The National Development and Reform Commission (“NDRC”), the Ministry of Commerce (“MOC”), the People’s Bank of China and the Ministry of Foreign Affairs of the People’s Republic of China jointly formulated the Opinions on Further Guiding and Regulating the Directions of Overseas Investments (the “Guiding Opinions”), clarifying China’s latest regulatory attitude towards Chinese overseas investments. The Guiding Opinions were published on August 17, 2017.

Current Overseas Investments Regulatory Regime and Developments

Under the existing overseas investments regulatory regime in China, NDRC and MOC are the two primary regulators overseeing overseas investments by Chinese investors (with state-owned enterprises, certain regulated institutions and listed companies being subject to additional supervision of other regulators). Filings with the two regulators are required for most overseas investments by Chinese investors, with investments in sensitive geographies (such as countries or regions that have not established diplomatic relations with China, sanctioned by the United Nations, at war, etc.) or industries (such as telecommunications infrastructure, power transmission and distribution infrastructure, news media, etc.) being subject to higher level of scrutiny and requiring approvals. In addition to the filings with or approvals by NDRC and MOC, Chinese investors will need to apply to its bank to remit its investment consideration offshore.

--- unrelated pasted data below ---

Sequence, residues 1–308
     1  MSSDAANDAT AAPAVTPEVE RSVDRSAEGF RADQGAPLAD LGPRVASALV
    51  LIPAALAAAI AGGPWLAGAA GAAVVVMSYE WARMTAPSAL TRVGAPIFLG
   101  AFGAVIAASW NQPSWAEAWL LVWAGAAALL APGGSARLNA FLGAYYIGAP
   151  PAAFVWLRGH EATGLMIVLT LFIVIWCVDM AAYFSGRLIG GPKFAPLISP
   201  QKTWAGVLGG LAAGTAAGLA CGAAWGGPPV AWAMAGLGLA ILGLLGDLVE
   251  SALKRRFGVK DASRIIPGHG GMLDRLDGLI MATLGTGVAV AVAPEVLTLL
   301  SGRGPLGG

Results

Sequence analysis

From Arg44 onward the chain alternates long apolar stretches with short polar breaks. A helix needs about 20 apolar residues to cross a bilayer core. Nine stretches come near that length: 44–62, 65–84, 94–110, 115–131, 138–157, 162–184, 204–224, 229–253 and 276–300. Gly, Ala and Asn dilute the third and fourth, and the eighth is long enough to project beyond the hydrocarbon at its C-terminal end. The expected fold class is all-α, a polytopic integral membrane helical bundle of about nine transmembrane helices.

Since last year, China has increased its scrutiny over overseas investments in general to prevent capital outflow, with additional unofficial restrictions introduced and imposed in governmental departments and banks handling cross-border remittance of funds. Further, in an effort to reduce pressure on the Chinese banking system, internal memoranda were circulated to major state-owned banks to halt the provision of financing to large Chinese private companies that have been active in highly leveraged overseas investments. As a result, overseas investments made by Chinese investors has decreased by 42.9% year-on-year to RMB 331.1 billion in the first half of 2017.

As many of the restrictions imposed since the clamp-down of capital outflow are not fully transparent or officially formalized, there is great uncertainty in the market regarding the types of overseas investments that are discouraged or permitted, indiscriminatingly creating difficulties for and reducing the competitiveness of Chinese investors in overseas mergers and acquisitions. The Guiding Opinions will provide the much needed clarity on Chinese outbound investments.

Highlights of the Guiding Opinions

The Guiding Opinions acknowledged the importance of overseas investments, but also cautioned that overseas investments may face many risks and challenges.

The Guiding Opinions reiterated that filings with MOC and NDRC continue to be the primary means in regulating overseas investments and classified overseas investments into three categories: encouraged, restricted and prohibited.

Encouraged Overseas Investments

China will support domestic enterprises that with adequate capabilities and qualifications to:

  • invest in the infrastructure that is beneficial to the “Belt and Road” initiative;
  • invest in overseas projects that facilitate the export of industrial capacity, equipment and technical standards;
  • increase investment in and cooperation with overseas new and high technological enterprises and advanced manufacturing enterprises and establish offshore research and development centers;
  • participate in the exploration and extraction of offshore oil and gas, mining and other energy resources based on prudent assessment of cost benefits;
  • expand investment and cooperation in agricultural projects; and